Resistance of a microorganism to an antibiotic that was originally effective in treating infections caused by it. This is AMR, so that means there is a problem with bacteria, there is a problem with viruses, and fungi and India’s bacterial disease burden is the highest among the world’s largest population. The large population suffers from diseases like diabetes, and cardiac disease, 40% of the children are malnourished and other risks of infections and more and more drug-resistant bacteria are being identified. Why does one face such a stiff challenge from AMR in India? One study published in the lancet Regional Health- Southeast Asia, examined antibiotics use in India and found that India consumes a high volume of broad-spectrum which should ideally be used sparingly. In India, if one doesn’t consume it in proper doses, a large number of drugs would become inefficient or inefficacious in treating a large number of infections after any point in time. So instead of that one should go for a narrow-spectrum antibiotic for initial use. And there are some stark gaps in infection prevention and control (IPC) practices, and the high burden of communicable diseases also. So, there is one specific metal activist called NDM or New Delhi Pomellato-beta lactamase activist that was discovered in 2009 in a patient who migrated to Sweden from India it was found equally, and this is perhaps a controversial issue, but it was possibly found first in India in E. coli and Klebsiella pneumonia. According to a survey it was found that the death rate in South Asia, Southeast Asia and Sub-Saharan Africa is high and comparatively low in Central Europe, Eastern Europe and Central Asia, Latin America and the Caribbean, North Africa and the Middle East. There are several factors which contribute to the economic crisis, political instability or socioeconomic status. Many factors go hand in hand to cause such a picture. India carries one of the largest burdens of drug-resistant pathogens worldwide. Like the highest burden of multi-drug resistant tuberculosis (TB) alarmingly high resistance among gram-negative and gram-positive bacteria even to newer antimicrobials such as carbapenems and faropenem. Even environmental and veterinary-derived strains are highly antibiotic-resistant in India. Powerful drugs like newer generation cephalosporins are sold far more frequently in India for no apparent reason-between 2005 and 2009, sales of cephalosporins increased by 60%. So, it is the most abused antibiotic during wartime. Azithromycin is one among them.  it has been used for covid super secondary prevention of infections in covid or treatment of secondary infections or even it can target to kill SARS coronavirus too. Probably it does, but it has led to some abuses of this antibiotic and other regulatory issues are also they are like antibiotic-related laws which are not always enforced strictly in India. This is a great area which needs to be focused on. Antibiotic laws are not always possible to be enforced strictly and in such a huge population and there are not enough monitoring or pharmacovigilance issues are there. The Indian medical representatives play a crucial role in marketing antibiotics and pharmaceutical drugs. These quacks, in turn, unwillingly speed up the creation of superbugs by offering incomplete or unnecessary antibiotic treatments.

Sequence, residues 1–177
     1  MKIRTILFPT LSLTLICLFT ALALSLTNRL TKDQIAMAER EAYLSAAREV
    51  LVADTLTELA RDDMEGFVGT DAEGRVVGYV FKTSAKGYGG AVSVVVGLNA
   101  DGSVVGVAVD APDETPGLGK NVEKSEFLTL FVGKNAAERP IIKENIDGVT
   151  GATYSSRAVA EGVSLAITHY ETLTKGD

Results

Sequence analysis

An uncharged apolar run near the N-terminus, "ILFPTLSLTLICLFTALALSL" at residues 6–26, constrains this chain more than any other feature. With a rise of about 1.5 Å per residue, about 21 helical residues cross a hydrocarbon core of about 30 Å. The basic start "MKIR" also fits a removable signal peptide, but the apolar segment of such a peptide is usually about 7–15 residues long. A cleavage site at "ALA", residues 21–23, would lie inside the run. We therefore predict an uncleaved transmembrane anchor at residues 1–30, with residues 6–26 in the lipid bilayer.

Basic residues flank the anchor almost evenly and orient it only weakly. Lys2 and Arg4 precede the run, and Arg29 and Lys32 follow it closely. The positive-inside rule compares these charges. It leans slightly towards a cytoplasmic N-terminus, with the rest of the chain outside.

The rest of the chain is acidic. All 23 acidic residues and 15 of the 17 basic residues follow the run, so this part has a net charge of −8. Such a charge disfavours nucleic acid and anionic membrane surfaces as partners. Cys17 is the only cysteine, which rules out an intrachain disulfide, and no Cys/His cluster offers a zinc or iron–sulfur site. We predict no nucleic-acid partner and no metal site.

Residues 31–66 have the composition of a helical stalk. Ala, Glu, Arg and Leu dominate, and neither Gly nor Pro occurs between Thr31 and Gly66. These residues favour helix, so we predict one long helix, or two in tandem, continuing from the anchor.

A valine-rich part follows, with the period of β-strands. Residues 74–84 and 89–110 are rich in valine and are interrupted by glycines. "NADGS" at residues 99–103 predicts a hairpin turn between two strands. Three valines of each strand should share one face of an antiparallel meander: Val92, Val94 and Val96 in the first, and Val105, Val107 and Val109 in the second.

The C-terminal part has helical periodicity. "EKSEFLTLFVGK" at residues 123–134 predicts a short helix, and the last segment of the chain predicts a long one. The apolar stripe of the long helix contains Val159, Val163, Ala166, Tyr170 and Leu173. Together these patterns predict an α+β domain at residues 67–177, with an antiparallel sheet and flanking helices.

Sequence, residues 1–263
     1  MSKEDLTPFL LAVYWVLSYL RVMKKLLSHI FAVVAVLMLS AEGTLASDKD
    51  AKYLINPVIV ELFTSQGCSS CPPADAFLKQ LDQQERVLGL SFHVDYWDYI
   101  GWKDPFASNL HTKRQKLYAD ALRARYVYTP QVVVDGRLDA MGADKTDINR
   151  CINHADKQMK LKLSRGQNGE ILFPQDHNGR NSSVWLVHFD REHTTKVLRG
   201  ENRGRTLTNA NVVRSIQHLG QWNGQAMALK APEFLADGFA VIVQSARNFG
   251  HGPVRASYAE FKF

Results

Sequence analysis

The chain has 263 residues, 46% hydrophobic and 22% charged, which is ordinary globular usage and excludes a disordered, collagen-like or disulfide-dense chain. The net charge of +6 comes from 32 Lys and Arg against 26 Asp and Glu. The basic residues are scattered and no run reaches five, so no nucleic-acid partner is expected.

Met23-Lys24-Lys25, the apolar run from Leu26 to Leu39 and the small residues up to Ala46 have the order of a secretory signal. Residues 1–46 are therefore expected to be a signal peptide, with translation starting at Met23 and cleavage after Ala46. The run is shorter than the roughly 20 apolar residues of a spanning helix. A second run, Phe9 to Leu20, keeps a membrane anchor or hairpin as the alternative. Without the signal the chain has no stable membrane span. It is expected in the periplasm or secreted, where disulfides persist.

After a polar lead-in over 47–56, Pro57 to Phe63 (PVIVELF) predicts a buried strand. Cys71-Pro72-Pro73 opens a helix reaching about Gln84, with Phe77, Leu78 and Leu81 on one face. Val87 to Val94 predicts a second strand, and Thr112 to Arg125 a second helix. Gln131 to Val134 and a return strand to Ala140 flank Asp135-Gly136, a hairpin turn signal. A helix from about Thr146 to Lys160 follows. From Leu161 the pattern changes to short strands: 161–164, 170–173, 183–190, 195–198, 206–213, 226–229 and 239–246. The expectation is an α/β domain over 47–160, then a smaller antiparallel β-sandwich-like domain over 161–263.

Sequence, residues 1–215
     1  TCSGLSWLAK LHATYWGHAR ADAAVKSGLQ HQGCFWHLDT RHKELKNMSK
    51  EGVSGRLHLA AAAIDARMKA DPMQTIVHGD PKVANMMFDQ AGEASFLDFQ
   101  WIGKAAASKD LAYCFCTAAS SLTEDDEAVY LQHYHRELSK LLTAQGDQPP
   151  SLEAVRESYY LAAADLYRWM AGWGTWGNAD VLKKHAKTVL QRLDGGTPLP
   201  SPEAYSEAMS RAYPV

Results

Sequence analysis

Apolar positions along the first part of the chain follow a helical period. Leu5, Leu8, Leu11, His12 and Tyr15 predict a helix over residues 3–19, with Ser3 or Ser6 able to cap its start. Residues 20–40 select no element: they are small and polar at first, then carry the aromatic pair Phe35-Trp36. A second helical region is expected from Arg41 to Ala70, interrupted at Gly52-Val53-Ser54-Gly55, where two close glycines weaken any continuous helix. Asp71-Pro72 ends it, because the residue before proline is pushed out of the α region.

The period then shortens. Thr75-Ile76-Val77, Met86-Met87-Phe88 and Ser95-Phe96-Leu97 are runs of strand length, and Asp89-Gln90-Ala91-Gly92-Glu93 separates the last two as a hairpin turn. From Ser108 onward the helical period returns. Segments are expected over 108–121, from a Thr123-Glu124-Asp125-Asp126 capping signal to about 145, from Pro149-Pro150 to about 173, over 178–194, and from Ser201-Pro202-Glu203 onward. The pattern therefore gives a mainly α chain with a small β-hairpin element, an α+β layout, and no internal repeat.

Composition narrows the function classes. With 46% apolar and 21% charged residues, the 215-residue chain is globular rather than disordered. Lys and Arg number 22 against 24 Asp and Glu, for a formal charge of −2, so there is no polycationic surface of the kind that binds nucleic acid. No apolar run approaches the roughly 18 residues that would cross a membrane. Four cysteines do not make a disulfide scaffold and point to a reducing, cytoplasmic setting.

Resistance Mechanisms of Bacteria 

They can modify or thicken cell walls (VISA), develop biofilms (preventing entry via thick EPM), have efflux pumps and modify target sites (like aminoglycosides) or modify/ alter the antibiotics (like aminoglycosides), beta-lactamase and ESBL, along with other ways.

ESKAPE group of bacteria are most important concerning AMR, like enterococcus faecium, Staphylococcus aureus, Klebsiella pneumonia, Acinetobacter baumanii, Pseudomonas aeruginosa, and Enterobacter species.

WHO list of Priority Pathogens

World Health Organization (WHO) has published a list of priority pathogens which need to be managed very carefully, and how they should be noted or notified. This data was released in 2017. And many pathogens in this list are highlighted below:

Priority 1: CRITICAL

Acinetobacter baumannii which is often carbapenem-resistant

Pseudomonas aeruginosa, carbapene resistant

Enterobacteriaceae, carbapenem-resistant, 3rd generation cephalosporin-resistant

Priority 2: HIGH

Enterococcus facecium, vancomycin-resistant

Staphylococcus aureus, methicillin-resistant, vancomycin